Day 1 | $0 paid | $55239.00 Until No More Debt
I was sitting inside my gym you see above, staring at the excel spreadsheet in front of me.
Date: December 12 2011
Total Debt When I Started Counting: -$55239.00
I saw no way to dig myself out of it and scrambled around like a squirrel looking for a nut for months.
Facing facts I went upstairs to the landlord.
Sitting in front of him I swallowed my pride, “I’m not going to make next months rent. I’ve already used all my line of credit to make last months rent.”
He just stared at me, so I continued. “I wanted to come talk to you and see if there was anything we could do about the 5 year lease agreement I signed.”
His face didn’t change at all but he put down his pen, sat back and looked at me. “The lease is a legally binding document. The fact is that you owe me four more years of rent at $4500 a month,” he paused, “Having said that, I appreciate you not doing a mid night move.”
I felt a sliver of hope as he continued, “I’ll let you out of your lease if you move out and lock the doors immediately… and agree to pay $1500 a month, for the next ten months to buy out of your agreement.”
“Done,” I said.
Totally Confused About The Next Step Towards No More Debt
A cold wash of failure melted over me as I headed down the stairs out of his office. I now had a large debt and no income or place to do business out of.
“What now…” I sent an email to all my clients telling them that boot camp was now outdoors. I refunded personal training and membership fees for those people that only wanted to work with me at the gym.
Then I got on Kijiji and got a job as a Framer swinging a hammer. I framed houses during the day and taught boot camps at night.
The math was brutal. $1500 a month I owed on the lease buy out. Line of Credit at $30,000 and credit card at $14,000. The desert was $11,000 back taxes owed to Canada Revenue.
The numbers said I was going further into debt despite working full time as a framer and doing boot camps at night.
I picked up a job doing data entry, then a motorcycle apprentice, then an electrician apprenticeship. It was while doing data entry that I started writing Cullers War on my lunch hours and doing personal training at night.
Then when I started the electrician apprenticeship I added the podcast and reading the stories like old radio broadcasts.
The electrician apprenticeship started at $18/hour and after 6 months I still wasn’t quite making ends meet.
Canada Revenue called demanding payment. If I agreed to a mandatory $200/month, they wouldn’t dock my pay.
“Enough is enough,” I thought.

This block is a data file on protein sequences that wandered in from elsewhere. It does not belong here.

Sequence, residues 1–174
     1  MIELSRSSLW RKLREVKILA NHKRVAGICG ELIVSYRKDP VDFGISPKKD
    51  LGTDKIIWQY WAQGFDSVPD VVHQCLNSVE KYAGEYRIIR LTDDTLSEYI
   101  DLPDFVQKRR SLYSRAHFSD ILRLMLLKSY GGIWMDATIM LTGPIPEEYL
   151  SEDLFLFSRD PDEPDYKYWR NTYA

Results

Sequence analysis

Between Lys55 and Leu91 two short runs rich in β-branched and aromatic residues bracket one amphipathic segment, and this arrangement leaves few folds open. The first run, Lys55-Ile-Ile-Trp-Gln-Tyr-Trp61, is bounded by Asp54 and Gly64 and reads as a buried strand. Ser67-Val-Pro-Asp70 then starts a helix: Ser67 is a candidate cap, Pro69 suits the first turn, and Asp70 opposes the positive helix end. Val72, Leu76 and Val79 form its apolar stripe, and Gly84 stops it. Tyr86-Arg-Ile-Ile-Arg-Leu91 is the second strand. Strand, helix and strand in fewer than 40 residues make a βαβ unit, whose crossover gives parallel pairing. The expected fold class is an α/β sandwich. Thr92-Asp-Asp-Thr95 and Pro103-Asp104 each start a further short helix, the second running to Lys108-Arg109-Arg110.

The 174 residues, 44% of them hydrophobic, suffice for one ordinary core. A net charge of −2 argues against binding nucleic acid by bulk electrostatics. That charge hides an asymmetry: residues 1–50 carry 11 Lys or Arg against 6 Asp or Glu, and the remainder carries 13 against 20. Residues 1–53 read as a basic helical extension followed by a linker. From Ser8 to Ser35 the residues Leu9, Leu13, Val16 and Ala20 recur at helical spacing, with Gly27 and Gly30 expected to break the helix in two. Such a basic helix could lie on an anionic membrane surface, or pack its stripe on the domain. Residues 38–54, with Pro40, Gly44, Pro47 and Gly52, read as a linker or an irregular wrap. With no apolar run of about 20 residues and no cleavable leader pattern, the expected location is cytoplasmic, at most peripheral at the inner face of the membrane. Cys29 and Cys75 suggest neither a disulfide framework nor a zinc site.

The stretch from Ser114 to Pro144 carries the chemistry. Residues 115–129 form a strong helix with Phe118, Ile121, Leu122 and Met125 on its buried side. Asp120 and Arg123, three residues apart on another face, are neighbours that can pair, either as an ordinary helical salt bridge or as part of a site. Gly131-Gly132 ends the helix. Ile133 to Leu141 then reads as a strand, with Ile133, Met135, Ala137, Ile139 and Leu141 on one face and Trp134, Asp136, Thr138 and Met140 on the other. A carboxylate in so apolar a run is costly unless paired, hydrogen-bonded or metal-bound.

A man should be self-sufficient and financially prepped to take care of his family. I was against the ropes and went for a meeting with a bankruptcy guy. He laid it all out for me but I couldn’t pull the trigger.
I wanted to fix the problem by becoming better at whatever it was that I sucked so hard at and got me into this position. I felt like doing bankruptcy would fix everything now, but I still didn’t know how to “make it” on my own.
The electrician apprenticeship would pay around $40 an hour by the end of my four-year apprenticeship. If I could just make a bit more now, this was a workable plan for no more debt.
I started teaching boot camps at night again in the park. It helped but I had to shut it down each year when I went to school for electrician training and also the Canadian winter.
From closing the gym doors to getting a workable plan that would allow me to just barely pay the bills stopping further debt increase, took two years.
I wrote in fits and starts. Sometimes I was motivated and often I just gave up.
I thought, “Now I just have to get through four years of electrician training or figure out something better…”
From this blog, you can expect an account of my adventures as I cut costs and look for supplemental income in an attempt to pay down this enormous debt weighing down my balance sheet.
How this will be different from other blogs. I’m 41. I read on other financial blogs about how people achieved no more debt because they didn’t want to be wage slaves at 41. Well I missed that train.
There are a lot of people that have everything humming along perfectly until a bump in the road. A hospital bill, a failed business, car repairs at the same time as the furnace goes down, etc.
Things get sideways. Figuring out how to get everything back on the rails is the groovy part.
From the time my finances went sideways to the time I am sharing this with you is around 6 years. It’s January 4 2017 and my debt is now at $44,910. Six years to pay off $10,329. $1721.5/year. I need to do better.
That small dent in achieving my goal of no more debt also indicates my level of financial success as a writer up to this point.
In those 6 years I had my corporation dissolve and my taxes reassessed as well. This added in a few more thousand to the debt. Up and down, back and forth.
Time to shove a stick in this cycle wheel.
I’m telling you this because I want you to know that if you feel like you are getting knocked around like a ping pong ball, I understand. Sometimes it feels like you are playing against doubles and you forgot a paddle.
In the next post I’ll look at the two factors towards no more debt that I’m concentrating on:
1) Cutting Costs And Where I’m Cutting
2) Making More Money And Where I Can Do That